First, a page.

These reforms continue to be a major sticking point between Republicans and Democrats and it is unclear whether there will be sufficient votes to pass such a nutrition bill in the House. This also creates uncertainty about conferencing the House and Senate versions of the farm bills that have passed each chamber. The Senate named conferees in July, but the House has yet to do so. Current farm bill authorities expire at the end of September.
A new web resource containing information about safe feed had been developed by the Animal Feed Safety System (AFSS) Team at the U.S. Food and Drug Administration. The new web page (www.FDA.gov/SafeFeed) was launched in July and the AFSS Team is encouraging the animal feed industry to review the site and provide ideas on how best to improve the site.
The Web page provides six links for additional information on:
- Seek Ingredient Approval
- Manufacture Animal Feed
- Learn about Good Animal Feeding Practices
- Report a Problem
- Ship Animal Feed
- Learn about FSMA (the Food Safety Modernization Act).
The AFSS Team identified the topics above as the most useful to share with users. Their hope is to shorten the time required for individuals to find relevant information. For example, a user attempting to search for industry guidance for manufacturing animal feed only can click on the "Manufacture Animal Feed" link, which will lead the user to additional links to all the pertinent guidance documents. The FDA SafeFeed page also has links along the side of the Web page containing "News," "Pet Food Regulation," "Feed Regulators," and "Videos."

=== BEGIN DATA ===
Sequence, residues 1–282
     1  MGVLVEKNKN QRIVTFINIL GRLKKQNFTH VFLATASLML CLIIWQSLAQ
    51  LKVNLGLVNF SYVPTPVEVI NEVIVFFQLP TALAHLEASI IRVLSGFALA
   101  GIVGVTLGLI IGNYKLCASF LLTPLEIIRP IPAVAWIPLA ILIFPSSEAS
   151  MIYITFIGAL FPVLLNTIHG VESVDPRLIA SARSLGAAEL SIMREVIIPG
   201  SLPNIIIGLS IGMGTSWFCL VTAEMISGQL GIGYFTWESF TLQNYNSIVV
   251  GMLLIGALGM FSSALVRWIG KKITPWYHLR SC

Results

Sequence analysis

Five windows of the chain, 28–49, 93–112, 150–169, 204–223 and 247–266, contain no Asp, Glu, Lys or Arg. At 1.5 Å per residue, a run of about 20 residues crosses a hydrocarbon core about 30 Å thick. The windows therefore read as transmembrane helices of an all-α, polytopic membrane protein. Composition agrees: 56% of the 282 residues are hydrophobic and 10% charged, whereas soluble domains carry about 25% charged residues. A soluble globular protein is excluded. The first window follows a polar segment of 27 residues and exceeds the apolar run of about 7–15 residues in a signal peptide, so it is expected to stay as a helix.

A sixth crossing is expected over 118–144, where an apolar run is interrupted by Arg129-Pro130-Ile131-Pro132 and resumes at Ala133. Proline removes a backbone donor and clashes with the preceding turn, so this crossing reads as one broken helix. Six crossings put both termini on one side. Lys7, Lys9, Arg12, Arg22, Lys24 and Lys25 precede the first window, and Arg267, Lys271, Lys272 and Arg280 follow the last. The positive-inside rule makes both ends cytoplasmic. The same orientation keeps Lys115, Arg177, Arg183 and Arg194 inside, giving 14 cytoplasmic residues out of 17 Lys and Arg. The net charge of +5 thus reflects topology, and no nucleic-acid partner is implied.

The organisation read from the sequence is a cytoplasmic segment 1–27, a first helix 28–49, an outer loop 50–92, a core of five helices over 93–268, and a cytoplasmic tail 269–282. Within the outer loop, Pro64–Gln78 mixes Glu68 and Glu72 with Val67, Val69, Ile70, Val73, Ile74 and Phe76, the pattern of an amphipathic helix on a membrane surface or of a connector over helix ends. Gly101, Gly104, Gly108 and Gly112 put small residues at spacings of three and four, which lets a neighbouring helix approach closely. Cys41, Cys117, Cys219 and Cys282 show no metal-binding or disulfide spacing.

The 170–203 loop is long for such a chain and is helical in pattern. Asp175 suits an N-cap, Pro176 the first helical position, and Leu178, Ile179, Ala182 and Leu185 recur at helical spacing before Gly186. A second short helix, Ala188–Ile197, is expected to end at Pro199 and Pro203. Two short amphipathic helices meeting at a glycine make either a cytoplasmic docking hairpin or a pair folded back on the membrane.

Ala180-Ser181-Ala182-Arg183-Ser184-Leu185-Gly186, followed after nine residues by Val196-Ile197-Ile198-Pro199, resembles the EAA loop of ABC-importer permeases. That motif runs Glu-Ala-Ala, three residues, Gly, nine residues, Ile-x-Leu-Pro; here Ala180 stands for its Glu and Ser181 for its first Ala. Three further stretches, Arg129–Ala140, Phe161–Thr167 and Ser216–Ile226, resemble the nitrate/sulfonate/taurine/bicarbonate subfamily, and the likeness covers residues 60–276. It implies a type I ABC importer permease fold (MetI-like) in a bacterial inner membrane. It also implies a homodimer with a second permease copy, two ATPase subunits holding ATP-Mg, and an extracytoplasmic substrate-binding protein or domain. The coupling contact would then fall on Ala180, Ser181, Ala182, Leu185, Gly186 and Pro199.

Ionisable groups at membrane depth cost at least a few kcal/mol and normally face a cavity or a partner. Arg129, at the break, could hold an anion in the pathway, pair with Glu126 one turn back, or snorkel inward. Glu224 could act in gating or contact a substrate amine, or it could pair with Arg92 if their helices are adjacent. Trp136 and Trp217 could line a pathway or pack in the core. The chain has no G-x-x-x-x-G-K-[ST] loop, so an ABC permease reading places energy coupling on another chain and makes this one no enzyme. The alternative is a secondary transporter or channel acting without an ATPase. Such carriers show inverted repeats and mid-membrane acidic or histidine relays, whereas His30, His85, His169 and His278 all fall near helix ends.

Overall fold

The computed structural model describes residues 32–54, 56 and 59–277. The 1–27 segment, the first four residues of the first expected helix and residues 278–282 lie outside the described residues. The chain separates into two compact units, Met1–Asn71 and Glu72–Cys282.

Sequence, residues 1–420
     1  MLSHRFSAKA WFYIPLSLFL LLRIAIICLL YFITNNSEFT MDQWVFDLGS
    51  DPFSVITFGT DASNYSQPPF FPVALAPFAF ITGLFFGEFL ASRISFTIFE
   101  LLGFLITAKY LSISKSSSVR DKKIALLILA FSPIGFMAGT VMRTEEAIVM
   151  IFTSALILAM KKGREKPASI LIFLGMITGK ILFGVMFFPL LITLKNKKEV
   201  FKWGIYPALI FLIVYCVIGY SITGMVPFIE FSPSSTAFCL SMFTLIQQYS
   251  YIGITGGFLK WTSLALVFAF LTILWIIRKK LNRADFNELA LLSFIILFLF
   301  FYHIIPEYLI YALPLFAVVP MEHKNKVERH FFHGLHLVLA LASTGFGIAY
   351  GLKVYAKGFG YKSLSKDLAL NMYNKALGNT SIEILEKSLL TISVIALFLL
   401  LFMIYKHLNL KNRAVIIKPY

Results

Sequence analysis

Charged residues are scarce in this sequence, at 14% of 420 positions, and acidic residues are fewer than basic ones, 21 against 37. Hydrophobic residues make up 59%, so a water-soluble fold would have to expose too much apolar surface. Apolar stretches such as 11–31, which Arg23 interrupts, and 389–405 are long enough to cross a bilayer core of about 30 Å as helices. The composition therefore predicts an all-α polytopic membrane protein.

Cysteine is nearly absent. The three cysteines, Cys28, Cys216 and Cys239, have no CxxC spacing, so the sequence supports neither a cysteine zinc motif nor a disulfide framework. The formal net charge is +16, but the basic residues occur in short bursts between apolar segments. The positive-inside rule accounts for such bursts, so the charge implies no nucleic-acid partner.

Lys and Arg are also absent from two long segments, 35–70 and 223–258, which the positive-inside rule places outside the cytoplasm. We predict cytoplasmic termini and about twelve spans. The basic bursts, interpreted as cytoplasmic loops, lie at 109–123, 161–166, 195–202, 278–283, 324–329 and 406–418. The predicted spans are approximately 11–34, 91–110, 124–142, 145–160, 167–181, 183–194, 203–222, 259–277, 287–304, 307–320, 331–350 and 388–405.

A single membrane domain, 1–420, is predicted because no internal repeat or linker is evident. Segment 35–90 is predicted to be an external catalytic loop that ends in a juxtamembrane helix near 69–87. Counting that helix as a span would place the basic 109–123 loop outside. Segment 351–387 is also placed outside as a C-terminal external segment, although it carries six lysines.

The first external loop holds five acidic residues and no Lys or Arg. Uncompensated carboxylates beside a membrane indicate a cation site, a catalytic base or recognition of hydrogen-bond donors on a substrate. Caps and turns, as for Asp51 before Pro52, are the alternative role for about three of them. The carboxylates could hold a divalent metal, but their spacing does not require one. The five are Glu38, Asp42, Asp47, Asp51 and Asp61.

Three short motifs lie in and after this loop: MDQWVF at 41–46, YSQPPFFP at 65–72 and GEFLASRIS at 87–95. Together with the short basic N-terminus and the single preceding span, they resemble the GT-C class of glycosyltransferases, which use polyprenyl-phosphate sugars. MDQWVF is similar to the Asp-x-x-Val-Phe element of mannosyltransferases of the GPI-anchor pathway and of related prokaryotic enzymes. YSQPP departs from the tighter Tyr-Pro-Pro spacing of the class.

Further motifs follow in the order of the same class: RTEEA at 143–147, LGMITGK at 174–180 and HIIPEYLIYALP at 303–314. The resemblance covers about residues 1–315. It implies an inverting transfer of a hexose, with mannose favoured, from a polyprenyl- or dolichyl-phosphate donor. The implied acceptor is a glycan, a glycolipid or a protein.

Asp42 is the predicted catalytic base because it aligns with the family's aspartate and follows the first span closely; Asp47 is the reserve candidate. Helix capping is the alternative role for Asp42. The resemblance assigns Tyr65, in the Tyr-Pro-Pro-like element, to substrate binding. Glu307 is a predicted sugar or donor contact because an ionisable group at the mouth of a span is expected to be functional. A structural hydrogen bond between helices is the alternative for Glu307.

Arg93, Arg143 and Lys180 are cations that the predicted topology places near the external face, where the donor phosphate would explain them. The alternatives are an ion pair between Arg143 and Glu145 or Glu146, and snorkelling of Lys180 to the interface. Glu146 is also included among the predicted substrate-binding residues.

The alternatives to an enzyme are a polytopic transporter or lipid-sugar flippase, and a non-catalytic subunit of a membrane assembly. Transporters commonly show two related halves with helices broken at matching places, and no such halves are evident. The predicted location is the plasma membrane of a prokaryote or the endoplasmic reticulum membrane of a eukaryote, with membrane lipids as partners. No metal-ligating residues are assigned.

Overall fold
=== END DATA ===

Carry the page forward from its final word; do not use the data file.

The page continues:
With shrinking federal budgets and new authorities under the new Food Safety Modernization Act (FSMA) the U.S. Food and Drug Administration continues to work on methods to create efficiencies in their inspection programs. Their work is also expected to generate greater coordination and information transfers between FDA and their cooperators throughout the U.S.
Specifically, a pilot project has been developed by FDA's Center for Veterinary Medicine (CVM) Minneapolis District Office and the States of Minnesota, Wisconsin and North and South Dakota. These cooperators are reviewing processes aimed at harmonizing and establishing inspection priority lists that help identify high-risk feed manufacturing facilities for inspections and frequency of inspections.
The cooperators identified a list of site-specific risk factors. Those risk factors are used to review and prioritize a list of feed manufacturers. The list will contain high, and non-high risk feed facilities. After the list is developed, the States and District Office will meet to prepare a risk-based work plan for inspecting the listed facilities.
The first inspection phase began last year with 18 site-specific risk factors used to categorize high risk and non-high risk feed manufacturing facilities. Earlier in this year, FDA officials reduced the number of risk factors in half, to nine factors. FDA now gives greater weight to risk factors that impact risks to animal and human health.
The pilot program is in its second phase and, if successful, the program could be made available in other regions of the U.S. at the beginning of 2014.